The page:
Four found guilty of events in Rotherham, South Yorkshire

December 22, 2016 — News

Written by IRR News Team

Below we reproduce a statement made by the Rotherham 12 Defence Campaign following guilty verdicts on 15 December.

The convictions of four far-right defendants[1] on 15 December at Sheffield Crown Court for violent disorder is a vindication for everything our campaign has stood for, especially the right of self-defence for a victimised community facing real and present danger from violent far right activists. This is in stark contrast to the acquittal of all ten Asian defendants in the previous trial arising from the same incident on 5 September 2015.

On that day the situation was made worse by the failure of the South Yorkshire Police, who left the vulnerable local Asian community without protection and led them into harm’s way. Had it not been for the bravery of local community, the day could have ended in the tragedy of another racist murder of a member of our community.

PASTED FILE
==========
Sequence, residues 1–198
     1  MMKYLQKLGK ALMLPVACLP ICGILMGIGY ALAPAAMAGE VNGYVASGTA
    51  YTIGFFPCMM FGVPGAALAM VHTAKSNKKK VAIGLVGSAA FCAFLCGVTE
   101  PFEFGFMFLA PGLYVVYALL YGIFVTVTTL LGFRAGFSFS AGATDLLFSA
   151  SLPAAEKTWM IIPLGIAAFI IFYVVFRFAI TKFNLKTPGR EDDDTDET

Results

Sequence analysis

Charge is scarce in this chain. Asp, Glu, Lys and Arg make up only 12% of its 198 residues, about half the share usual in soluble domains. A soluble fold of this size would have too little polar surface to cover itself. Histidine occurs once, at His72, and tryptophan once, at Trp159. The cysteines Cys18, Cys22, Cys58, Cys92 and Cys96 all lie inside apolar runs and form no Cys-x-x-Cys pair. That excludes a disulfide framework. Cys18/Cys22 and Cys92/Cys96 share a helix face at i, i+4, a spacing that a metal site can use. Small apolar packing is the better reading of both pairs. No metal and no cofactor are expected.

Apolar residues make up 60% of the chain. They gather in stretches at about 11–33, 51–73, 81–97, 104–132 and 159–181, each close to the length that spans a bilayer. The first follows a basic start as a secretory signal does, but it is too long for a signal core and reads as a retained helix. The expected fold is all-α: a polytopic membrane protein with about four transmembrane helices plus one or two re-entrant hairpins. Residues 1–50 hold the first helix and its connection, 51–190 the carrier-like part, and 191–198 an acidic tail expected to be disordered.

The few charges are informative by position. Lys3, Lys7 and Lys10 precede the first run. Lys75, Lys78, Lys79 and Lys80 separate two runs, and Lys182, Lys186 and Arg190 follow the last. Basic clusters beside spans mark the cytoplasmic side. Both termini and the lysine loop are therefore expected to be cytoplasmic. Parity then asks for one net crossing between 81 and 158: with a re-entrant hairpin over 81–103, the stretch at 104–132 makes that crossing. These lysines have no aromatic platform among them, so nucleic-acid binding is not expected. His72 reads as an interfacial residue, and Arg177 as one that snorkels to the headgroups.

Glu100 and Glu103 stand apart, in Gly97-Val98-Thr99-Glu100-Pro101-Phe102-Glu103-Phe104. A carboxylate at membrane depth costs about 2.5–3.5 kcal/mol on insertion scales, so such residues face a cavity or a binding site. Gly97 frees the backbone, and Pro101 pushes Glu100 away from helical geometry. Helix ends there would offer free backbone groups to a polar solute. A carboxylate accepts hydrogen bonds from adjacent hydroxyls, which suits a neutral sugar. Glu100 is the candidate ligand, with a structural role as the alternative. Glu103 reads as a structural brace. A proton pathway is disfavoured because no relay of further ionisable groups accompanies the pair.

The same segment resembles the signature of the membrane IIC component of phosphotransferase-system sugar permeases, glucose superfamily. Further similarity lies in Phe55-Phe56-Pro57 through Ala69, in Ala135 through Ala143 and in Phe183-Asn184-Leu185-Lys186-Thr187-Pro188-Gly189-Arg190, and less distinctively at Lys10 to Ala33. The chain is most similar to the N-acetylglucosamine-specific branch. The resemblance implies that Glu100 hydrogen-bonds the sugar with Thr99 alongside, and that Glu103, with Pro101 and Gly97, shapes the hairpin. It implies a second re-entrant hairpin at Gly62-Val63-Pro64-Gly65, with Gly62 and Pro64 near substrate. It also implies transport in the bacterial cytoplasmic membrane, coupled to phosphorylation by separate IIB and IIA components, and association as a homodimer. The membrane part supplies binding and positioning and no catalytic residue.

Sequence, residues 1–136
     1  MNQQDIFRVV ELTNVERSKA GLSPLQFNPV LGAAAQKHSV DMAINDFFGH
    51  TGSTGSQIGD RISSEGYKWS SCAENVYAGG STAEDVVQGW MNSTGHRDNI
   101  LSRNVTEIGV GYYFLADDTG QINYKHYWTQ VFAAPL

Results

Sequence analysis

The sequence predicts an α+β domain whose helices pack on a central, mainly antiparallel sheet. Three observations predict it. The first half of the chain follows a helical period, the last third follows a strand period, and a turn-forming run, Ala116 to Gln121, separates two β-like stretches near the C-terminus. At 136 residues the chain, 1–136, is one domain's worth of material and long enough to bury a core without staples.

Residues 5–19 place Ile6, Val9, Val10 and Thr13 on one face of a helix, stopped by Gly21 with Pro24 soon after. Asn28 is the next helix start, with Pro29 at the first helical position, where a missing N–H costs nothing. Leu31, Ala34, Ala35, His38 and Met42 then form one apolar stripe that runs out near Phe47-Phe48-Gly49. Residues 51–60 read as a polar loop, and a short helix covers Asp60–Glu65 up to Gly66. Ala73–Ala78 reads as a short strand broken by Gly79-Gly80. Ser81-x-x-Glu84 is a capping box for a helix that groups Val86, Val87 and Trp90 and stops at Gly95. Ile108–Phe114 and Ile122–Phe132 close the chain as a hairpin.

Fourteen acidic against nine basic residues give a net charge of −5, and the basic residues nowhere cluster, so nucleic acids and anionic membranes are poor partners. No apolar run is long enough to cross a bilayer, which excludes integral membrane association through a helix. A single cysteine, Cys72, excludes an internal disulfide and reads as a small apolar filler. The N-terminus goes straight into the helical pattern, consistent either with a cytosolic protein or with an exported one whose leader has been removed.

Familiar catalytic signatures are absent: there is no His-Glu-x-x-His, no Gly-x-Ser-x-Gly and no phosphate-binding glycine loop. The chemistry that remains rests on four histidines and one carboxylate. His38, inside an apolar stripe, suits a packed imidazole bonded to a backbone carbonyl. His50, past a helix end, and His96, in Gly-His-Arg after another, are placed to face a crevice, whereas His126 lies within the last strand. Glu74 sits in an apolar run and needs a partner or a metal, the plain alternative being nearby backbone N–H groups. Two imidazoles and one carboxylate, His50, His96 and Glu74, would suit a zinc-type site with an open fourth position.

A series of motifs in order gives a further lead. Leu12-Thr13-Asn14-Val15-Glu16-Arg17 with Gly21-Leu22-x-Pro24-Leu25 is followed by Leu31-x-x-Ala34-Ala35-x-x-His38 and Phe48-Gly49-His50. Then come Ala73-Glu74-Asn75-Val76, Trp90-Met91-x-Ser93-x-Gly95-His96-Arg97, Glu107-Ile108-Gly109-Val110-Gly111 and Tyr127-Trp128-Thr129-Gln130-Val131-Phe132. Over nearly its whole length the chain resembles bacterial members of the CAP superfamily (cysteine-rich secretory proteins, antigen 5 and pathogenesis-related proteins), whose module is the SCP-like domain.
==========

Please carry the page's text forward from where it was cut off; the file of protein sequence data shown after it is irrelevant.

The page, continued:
Given the verdicts delivered by a jury, our call for an Independent Inquiry and the immediate suspension of officers in charge of the policing operation (including Chief Inspector Butterworth, who held Silver Command that day) can no longer be ignored. It is in the interests of every Rotherham citizen in moving forward. The starting point would be for the authorities to begin listening to our legitimate concerns and stop ignoring our voices. The good people of Rotherham want peace restored to the town, they are acutely aware that real peace is not simply the absence of conflict but the presence of justice. They deserve nothing less.

Read the statement made by the Rotherham 12 Defence Campaign following their not guilty verdicts here.

For further information email: rotherham12dc@gmail.com.

Related links

Rotherham 12 Defence Campaign

Support the Rotherham 12 on Facebook

The Monitoring Group

[1] Reece Mclaren, Daniel Lee Luty, Dennis Farrell and John James Sheridan were convicted of violent disorder and sentenced to over eight years in prison. (ITV, 16 December 2016)

The Institute of Race Relations is precluded from expressing a corporate view: any opinions expressed are therefore those of the authors.

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